Five countries bordering the North Sea produce oil in its waters. The British and Norwegian sections are believed to hold the largest North Sea oil reserves. Experts estimate that the Norwegian sector contains about 55% of the North Sea's oil reserves and 45% of its gas reserves.
North Sea Map
In 1963, Norway claimed its rights to the offshore fields off its shores. The Ocean Traveler semisubmersible was the first to drill an exploration well off Norway in 1966. It was unsuccessful; however in 1969 Diamond Offshore's Ocean Viking found oil at the Ekofisk field for Philips Petroleum.
Ekofisk, the oldest field in operation on the Norwegian Continental Shelf (NCS) today, is on Blocks 2/4 and 2/7 in 246 ft of water. The 40-year old field has been redeveloped several times to increase the field's life expectancy until at least 2028. Initially, four wells produced to tankers, but in 1973, a concrete tank was installed. In the 37 years since, an additional 300 wells in eight fields tied into 16 platforms produce the field's reserves. This transportation hub is known as the Ekofisk Center. Today the complex is made up of two accommodation facilities, one production facility, one water injection wellhead facility, a drilling and production facility, and two processing facilities. Only two of the original Ekofisk Center platforms are operational today.
ConocoPhillips currently operates the field. Last year, the operator estimated that Ekofisk contained 791 million remaining barrels.
28 total rigs are currently contracted in the Norwegian sector of the North Sea. Semisubmersibles make up the lion's share of the fleet with 20 contracted off Norway, followed by seven jackups, and one drillship. Of the 21 floating rigs, six are capable of drilling in ultra-deepwater (7,000 ft or more), three are capable of drilling in deepwater (4-7,000 ft) and the remaining 12 are considered midwater units (<4,000 ft). All of the jackups are high-spec units capable of drilling in 350 ft+ water depths.
All of these rigs have earned their Acknowledgment of Compliance (AoC) from the Petroleum Safety Authority Norway. The AoC ensures that the rigs working offshore comply with the Norwegian Continental Shelf health, environment, safety, and emergency standards.
The AoC was first introduced in August 2000 and made mandatory in January 2004 with a transition period through December 2004. In July 2006, the AoC requirement was expanded to include FPDSOs, FPSOs, well intervention vessels, and flotels.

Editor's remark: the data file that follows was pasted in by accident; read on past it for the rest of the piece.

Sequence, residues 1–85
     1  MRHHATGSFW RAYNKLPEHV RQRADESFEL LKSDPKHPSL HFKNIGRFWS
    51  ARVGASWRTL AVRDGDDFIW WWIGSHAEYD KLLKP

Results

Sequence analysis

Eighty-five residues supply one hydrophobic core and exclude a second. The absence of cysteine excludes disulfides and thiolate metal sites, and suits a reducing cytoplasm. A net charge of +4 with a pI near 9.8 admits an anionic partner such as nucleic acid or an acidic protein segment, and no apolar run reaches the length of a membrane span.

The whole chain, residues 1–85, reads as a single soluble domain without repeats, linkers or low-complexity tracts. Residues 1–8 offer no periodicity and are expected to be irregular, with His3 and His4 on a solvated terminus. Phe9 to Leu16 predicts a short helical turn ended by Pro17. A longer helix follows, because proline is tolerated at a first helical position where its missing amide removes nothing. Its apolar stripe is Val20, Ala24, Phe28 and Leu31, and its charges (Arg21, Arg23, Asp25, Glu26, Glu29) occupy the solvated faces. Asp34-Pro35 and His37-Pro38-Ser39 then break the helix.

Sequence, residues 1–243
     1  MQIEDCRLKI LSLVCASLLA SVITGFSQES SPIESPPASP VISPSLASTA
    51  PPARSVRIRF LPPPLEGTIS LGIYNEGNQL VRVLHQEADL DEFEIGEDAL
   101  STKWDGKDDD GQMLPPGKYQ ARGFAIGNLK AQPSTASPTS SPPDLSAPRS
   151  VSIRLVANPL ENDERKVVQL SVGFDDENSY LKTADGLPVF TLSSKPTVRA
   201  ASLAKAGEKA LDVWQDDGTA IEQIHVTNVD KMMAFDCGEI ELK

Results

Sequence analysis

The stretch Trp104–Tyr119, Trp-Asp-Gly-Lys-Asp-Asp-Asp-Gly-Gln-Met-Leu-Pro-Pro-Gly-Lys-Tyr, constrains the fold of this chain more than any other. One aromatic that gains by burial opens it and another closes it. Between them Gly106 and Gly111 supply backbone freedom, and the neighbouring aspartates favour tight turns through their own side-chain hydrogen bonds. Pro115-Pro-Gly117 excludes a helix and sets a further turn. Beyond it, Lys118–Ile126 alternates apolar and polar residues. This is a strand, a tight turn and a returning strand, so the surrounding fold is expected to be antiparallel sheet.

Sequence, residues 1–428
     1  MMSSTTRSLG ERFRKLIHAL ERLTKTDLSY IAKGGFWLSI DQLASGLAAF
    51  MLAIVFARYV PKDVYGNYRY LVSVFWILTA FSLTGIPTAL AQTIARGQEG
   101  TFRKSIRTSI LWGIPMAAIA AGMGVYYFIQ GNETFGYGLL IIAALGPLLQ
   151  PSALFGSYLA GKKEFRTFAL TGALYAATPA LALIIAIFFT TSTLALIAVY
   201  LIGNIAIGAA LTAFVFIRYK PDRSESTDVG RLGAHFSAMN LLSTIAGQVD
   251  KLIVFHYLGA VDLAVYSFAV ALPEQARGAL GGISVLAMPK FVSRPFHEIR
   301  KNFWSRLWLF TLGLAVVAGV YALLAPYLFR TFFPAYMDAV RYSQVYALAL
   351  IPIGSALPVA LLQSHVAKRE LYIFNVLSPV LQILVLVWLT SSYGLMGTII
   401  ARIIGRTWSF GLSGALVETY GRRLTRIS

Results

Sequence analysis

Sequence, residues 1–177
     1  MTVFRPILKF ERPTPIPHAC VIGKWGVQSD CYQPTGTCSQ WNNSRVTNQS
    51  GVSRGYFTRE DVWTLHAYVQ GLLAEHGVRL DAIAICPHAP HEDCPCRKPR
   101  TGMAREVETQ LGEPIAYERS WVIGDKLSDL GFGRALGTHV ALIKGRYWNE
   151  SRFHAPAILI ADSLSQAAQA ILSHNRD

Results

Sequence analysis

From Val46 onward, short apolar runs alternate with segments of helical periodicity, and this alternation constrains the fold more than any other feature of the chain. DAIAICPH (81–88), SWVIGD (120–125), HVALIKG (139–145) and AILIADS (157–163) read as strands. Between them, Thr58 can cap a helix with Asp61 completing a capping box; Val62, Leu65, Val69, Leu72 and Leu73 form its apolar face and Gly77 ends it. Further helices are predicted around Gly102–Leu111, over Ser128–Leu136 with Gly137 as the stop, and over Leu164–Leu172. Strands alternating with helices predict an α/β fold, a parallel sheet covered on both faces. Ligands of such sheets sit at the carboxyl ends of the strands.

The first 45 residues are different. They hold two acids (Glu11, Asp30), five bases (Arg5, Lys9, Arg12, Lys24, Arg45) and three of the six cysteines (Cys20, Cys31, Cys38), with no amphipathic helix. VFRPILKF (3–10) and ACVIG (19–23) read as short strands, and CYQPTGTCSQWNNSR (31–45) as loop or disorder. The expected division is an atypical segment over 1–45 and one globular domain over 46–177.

Today, 31 drilling rigs tracked by RigLogix have earned an AoC. The most recent was the Rowan Gorilla VI in November 2009. In July 2009 the jackup entered the Dundee shipyard for upgrades to comply with the AoC requirements. It underwent an AoC audit in September and October before the PSA granted the Rowan Gorilla VI AoC. The rig is working for BG Group through July 2011 at a dayrate in the mid-$380s. The operator exercised its option to extend the contract through July 2011 and during this time can use the rig for work in Norway at a dayrate in the low-$300s or in the UK at a rate in the mid-$210s. The Rowan Gorilla VI is Super Gorilla 219-C jackup rated to work in water depths up to 400 ft.
Rowan Gorilla VI
Currently there are 10 rig managers active off Norway. Of these, Maersk, Seadrill, and Transocean each have five rigs drilling.
Maersk's NCS fleet consists of jackups - the Maersk Gallant, Maersk Giant, Maersk Guardian, Maersk Innovator, and Maersk Inspirer. Two are contracted to ConocoPhillips, two are contracted to Talisman, and one is contracted to Statoil.
Seadrill has three semisubmersibles drilling off Norway. The West Alpha is contracted to Nexen Petroleum, the West Phoenix is contracted to Total, and the West Venture is contracted to Statoil. Statoil has also contracted a jackup, the West Epsilon, and Shell has contracted the only drillship, the West Navigator.
Transocean has only semisubmersibles working off Norway. The Transocean Arctic, Transocean Leader, Transocean Polar Pioneer, and the Transocean Searcher are all under contract with Statoil. The Transocean Winner is under contract with Lundin Petroleum.
With three owned rigs (one is managed by Odfjell) in the Norwegian sector of the North Sea, Songa Offshore is the "purest" Norwegian midwater rig contractor, as the company's Norwegian fleet comprises half of its total owned fleet of six rigs.
Earnings Power and Fleet Age
Norway is generally considered a closed offshore rig market, as harsh operating conditions and the AoC standard for rigs create significant barriers to entry. Low temperatures and strong currents create drilling challenges, and about 2/3rds of the rigs in the region are considered severe environment units. In addition to the generally higher spec nature of the rig fleet in Norwegian waters and higher operating costs, the limited population of rigs able to meet the AoC requirement also contributes to the higher than average dayrate averages being earned by rigs operating in Norway. The chart below demonstrates the significant dayrate premium that Norwegian midwater rigs have earned when compared to the global midwater fleet over the last decade or so.
The Norwegian rig fleet is about 18 years old, on average - which is essentially inline with the global offshore rig fleet age of about 19 years old. If we break it down by rig type, the average semisubmersible dayrate off Norway is in the low $400s for a fleet that is about 20 years old, compared to the worldwide semisubmersible dayrate in the mid $300s for a fleet that also averages about 20 years old. The Borgland Dolphin is commanding the highest dayrate of all Norwegian semisubmersibles in the low to mid $500s.
The Borgland Dolphin is an Aker H-3 Enhanced semisubmersible. The rig is currently drilling for a consortium of eight Norwegian Continental Shelf operators, including BP, OMV, Discover Pet, E.ON, Wintershall, Rocksource, Bridge, and Nexen. The rig will be available in December 2013.